Robert A. Freitas Jr. (2009 Foresight Institute Feynman Prize in Nanotechnology for Theory) has made available on his website “Comprehensive Nanorobotic Control of Human Morbidity and Aging” [1.8 MB PDF], Chapter 23 in Gregory M. Fahy, Michael D. West, L. Stephen Coles, and Steven B. Harris, eds, The Future of Aging: Pathways to Human Life Extension, Springer, New York, 2010, pp. 685-805. Freitas writes:

…a current update and the most comprehensive summary so far of the many potential applications of advanced diamondoid medical nanorobotics to conventional and anti-aging medicine. Here’s the abstract:

Nanotechnology involves the engineering of molecularly precise structures and molecular machines, and nanomedicine is the application of nanotechnology to medicine, including the development of medical nanorobotics. Theoretical designs for diamondoid nanomachinery such as bearings, gears, motors, pumps, sensors, manipulators and even molecular computers already exist. Technologies required for the molecularly precise fabrication of diamondoid mechanical components and medical nanorobots, along with feasible strategies for the mass production of these devices, are the focus of active current research. This chapter describes a comprehensive solution to human morbidity and aging which will be attained when mankind has established control over all critical molecular events in the human body through the use of medical nanorobotics. Medical nanorobots can provide targeted treatments to individual organs, tissues, cells and even intracellular components, and can intervene in biological processes at the molecular level under direct supervision of the physician. Programmable micron-scale robotic devices will make possible comprehensive cures for human disease, the reversal of physical trauma, and individual cell repair. This leads to the complete control of human aging via nanomedically engineered negligible senescence (NENS) coupled with nanorobot-mediated rejuvenation that should extend the human healthspan at least tenfold beyond its current maximum length. The nanomedical solution is the final step in the roadmap to the control of human aging.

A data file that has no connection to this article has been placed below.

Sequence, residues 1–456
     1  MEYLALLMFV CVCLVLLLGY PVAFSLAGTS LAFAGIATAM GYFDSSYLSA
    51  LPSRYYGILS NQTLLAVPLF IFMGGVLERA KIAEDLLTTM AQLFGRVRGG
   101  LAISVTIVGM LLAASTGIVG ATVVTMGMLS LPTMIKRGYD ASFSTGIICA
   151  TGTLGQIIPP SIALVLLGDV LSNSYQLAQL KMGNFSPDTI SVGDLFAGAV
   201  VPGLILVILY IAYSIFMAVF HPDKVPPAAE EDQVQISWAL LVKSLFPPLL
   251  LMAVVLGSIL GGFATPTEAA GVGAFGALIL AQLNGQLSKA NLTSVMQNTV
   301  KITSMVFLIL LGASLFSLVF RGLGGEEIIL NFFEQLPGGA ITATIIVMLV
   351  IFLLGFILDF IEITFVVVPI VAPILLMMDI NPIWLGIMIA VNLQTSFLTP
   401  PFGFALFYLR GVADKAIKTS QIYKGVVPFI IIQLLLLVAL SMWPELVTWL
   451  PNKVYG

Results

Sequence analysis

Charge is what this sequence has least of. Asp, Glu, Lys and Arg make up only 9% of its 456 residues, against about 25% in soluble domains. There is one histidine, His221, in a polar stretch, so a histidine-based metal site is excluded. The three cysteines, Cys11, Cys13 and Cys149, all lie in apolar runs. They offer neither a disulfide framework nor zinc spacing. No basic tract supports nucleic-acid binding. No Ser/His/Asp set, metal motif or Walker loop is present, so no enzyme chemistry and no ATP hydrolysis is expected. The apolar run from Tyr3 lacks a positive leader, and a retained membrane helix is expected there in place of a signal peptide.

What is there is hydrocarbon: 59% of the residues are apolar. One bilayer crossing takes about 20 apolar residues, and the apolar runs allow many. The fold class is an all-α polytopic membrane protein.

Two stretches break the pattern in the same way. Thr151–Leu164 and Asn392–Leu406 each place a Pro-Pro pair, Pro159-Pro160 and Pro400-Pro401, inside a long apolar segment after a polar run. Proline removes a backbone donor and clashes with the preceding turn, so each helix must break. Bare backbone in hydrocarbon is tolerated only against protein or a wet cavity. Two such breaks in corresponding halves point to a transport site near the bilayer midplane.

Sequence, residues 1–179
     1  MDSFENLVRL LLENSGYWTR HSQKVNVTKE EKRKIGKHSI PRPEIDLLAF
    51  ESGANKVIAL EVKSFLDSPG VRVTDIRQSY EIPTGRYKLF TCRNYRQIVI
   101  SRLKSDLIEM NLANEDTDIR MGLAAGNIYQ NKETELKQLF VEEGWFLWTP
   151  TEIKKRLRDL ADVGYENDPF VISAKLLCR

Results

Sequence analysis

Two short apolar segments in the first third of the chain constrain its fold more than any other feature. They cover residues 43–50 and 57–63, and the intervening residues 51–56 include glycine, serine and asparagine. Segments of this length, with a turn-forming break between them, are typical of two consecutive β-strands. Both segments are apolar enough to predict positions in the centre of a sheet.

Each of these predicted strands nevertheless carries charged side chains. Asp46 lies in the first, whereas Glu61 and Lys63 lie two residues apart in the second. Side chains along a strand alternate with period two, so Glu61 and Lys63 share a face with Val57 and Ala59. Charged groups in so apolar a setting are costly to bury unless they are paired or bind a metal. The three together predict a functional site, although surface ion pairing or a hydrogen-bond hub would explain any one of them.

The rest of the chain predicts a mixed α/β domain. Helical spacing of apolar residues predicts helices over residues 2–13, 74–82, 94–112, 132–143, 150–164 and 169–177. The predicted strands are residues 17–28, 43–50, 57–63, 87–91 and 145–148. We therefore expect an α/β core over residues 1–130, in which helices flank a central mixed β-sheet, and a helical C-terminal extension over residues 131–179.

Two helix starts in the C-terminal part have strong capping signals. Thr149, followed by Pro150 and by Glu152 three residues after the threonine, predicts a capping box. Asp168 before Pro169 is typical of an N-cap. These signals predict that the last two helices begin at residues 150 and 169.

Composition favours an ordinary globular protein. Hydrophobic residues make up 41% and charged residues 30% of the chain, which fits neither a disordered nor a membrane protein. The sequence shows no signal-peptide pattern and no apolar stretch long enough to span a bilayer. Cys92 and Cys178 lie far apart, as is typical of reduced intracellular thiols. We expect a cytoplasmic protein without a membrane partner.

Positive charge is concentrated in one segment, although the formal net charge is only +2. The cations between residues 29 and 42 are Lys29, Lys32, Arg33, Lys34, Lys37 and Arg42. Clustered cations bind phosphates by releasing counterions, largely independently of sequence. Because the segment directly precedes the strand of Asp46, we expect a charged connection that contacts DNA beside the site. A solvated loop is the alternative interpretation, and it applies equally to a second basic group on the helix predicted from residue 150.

Best wishes,

Robert A. Freitas Jr.
Author, Nanomedicine and
Senior Research Fellow, Institute for Molecular Manufacturing